• Transient, asymptomatic, mostly mild-to-moderate increases in liver aminotransferases have been observed with pyronaridine–artesunate in some patients.
  • We assessed pyronaridine–artesunate hepatic safety, tolerability, and effectiveness in adults and children for the treatment of acute uncomplicated malaria under real-world conditions in Africa, including patients with elevated baseline liver aminotransferases.

What did the researchers do and find?

  • In a single-arm, open-label, cohort event monitoring study conducted across 5 African countries, patients of any age, weighing >5 kg with acute uncomplicated malaria received fixed-dose pyronaridine–artesunate once daily for 3 days.
  • Patient exclusion and inclusion criteria were consistent with the approved prescribing information, and patients with elevated baseline liver enzymes could be treated under the protocol.
  • The study included 8,560 malaria episodes, 158 of which occurred in patients with baseline alanine aminotransferase (ALT) or aspartate aminotransferase (AST) abnormalities.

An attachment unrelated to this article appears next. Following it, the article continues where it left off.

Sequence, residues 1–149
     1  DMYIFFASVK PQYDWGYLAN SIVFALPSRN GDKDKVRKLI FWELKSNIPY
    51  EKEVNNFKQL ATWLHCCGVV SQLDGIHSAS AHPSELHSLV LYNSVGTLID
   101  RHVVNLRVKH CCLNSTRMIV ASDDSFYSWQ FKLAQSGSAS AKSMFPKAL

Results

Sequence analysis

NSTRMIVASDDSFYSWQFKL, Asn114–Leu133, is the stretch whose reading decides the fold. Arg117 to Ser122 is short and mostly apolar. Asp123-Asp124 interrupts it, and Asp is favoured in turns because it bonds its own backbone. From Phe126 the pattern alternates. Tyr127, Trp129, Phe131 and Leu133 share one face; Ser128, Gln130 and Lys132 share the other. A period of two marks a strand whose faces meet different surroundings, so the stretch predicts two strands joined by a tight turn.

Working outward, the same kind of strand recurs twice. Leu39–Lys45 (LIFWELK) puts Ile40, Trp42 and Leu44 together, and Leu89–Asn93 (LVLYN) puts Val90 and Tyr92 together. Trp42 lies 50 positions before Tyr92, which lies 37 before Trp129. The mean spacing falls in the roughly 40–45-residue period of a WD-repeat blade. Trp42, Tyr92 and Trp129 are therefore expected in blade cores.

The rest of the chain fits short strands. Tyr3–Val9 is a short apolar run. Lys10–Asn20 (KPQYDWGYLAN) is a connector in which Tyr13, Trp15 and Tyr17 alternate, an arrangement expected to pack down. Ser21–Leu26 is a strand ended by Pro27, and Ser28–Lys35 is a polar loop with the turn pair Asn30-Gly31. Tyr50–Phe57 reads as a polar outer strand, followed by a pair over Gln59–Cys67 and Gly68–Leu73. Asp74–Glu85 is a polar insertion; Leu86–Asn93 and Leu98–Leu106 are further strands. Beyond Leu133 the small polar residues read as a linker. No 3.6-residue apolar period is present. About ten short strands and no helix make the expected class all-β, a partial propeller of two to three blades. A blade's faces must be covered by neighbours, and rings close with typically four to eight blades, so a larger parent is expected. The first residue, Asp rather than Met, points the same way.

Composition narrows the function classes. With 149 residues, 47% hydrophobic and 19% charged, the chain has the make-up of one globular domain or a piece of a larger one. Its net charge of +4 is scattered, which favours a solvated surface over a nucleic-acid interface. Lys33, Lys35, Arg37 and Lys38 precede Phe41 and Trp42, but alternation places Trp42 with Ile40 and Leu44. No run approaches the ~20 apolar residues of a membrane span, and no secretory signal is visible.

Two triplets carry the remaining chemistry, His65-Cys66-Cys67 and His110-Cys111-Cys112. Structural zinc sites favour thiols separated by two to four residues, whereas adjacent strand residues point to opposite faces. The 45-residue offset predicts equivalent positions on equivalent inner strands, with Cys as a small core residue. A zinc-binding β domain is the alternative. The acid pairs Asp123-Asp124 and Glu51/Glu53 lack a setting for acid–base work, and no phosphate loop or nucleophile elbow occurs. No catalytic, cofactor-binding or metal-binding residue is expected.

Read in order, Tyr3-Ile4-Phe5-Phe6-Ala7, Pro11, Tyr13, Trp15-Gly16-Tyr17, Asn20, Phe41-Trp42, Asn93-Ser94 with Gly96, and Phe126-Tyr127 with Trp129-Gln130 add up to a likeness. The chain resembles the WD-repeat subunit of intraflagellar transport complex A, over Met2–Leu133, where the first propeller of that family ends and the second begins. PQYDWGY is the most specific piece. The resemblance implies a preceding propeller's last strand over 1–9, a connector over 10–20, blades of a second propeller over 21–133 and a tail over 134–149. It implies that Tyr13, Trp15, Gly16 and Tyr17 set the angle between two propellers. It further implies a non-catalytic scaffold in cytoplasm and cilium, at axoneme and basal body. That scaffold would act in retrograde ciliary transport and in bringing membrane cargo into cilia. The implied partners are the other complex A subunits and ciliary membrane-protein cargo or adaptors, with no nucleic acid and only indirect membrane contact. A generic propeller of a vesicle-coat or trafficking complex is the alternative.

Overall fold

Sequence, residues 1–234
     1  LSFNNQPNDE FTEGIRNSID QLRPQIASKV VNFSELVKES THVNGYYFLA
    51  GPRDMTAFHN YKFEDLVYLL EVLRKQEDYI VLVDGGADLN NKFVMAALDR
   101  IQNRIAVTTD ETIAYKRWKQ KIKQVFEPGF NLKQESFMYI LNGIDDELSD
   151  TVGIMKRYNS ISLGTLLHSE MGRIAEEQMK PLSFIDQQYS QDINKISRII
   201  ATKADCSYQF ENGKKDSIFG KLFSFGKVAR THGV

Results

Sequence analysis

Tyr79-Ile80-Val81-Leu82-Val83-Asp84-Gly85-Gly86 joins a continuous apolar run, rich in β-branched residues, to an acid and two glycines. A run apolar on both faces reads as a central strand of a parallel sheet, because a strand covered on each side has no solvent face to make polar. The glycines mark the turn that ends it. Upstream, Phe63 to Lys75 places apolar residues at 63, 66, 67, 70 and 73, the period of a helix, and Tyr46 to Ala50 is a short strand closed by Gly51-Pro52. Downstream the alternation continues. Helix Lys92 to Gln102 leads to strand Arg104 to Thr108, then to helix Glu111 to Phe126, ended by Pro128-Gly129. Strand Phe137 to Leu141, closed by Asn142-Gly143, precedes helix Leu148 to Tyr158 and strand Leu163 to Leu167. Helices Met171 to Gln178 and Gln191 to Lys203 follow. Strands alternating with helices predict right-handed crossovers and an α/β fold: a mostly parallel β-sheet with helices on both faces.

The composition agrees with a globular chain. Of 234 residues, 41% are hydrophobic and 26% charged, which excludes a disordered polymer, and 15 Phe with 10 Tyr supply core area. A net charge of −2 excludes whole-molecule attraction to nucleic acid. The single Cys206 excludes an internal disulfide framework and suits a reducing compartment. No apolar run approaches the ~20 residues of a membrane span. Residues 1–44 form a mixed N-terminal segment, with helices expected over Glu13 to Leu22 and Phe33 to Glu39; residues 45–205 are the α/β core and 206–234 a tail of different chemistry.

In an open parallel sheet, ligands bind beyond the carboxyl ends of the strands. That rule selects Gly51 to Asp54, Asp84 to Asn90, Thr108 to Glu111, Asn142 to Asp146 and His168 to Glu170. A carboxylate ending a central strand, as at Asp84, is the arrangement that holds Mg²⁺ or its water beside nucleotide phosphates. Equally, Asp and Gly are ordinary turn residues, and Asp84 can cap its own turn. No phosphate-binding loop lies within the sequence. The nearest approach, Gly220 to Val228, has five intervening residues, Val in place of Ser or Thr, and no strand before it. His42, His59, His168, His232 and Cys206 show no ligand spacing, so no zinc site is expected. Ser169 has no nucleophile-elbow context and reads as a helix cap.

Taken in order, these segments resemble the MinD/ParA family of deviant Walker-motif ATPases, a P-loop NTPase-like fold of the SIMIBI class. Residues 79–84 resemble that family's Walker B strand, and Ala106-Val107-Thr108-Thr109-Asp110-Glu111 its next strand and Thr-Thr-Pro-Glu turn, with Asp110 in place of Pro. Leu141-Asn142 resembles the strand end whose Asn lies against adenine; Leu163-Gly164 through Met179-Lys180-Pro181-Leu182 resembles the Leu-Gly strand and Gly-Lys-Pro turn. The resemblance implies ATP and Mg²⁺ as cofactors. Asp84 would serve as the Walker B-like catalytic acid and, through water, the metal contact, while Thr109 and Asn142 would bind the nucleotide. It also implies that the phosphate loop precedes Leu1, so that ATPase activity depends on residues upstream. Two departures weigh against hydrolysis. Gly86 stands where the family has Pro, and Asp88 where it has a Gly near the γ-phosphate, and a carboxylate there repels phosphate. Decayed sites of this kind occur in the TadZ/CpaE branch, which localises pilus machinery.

• There were no hepatic events following pyronaridine–artesunate treatment. Tolerability was as reported in previous studies, and treatment effectiveness at day 28 was 98.6% in patients with acute uncomplicated P. falciparum malaria.

What do these findings mean?

  • Pyronaridine–artesunate was an operationally effective and well-tolerated antimalarial therapy in this unselected population of patients from 5 African countries.

Introduction

Africa carries the greatest malaria burden, with an estimated 215 million cases in 2019 and 94% of global deaths, mainly in children [1]. Children are also most vulnerable to ongoing morbidity, particularly from severe anemia [2].

Artemisinin-based combination therapy (ACT) is recommended for first-line therapy of acute uncomplicated malaria, with several artemisinin and partner drug combinations deployed worldwide. Artemisinin-resistant Plasmodium falciparum are established in Southeast Asia, and where these strains are also resistant to partner drugs, high clinical failure rates are reported [3]. De novo Kelch 13 artemisinin resistance mutations have been verified in Africa [4], and parasites will eventually overcome the effectiveness of the most widely used therapies [5].